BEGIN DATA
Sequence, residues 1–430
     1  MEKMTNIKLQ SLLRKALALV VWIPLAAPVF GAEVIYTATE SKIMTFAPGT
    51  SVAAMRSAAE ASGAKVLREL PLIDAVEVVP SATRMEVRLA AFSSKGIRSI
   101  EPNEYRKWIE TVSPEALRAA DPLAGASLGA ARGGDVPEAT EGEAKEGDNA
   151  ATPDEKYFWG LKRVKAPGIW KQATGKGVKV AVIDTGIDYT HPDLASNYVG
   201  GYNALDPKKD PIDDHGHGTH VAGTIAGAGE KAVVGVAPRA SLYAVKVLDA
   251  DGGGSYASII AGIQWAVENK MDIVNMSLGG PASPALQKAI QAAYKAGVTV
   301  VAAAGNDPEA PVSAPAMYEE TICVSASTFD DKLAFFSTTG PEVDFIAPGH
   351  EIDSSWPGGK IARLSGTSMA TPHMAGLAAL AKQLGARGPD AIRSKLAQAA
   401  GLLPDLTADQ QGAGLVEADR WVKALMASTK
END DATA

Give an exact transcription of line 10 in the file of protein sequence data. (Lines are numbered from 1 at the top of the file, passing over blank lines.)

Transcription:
   401  GLLPDLTADQ QGAGLVEADR WVKALMASTK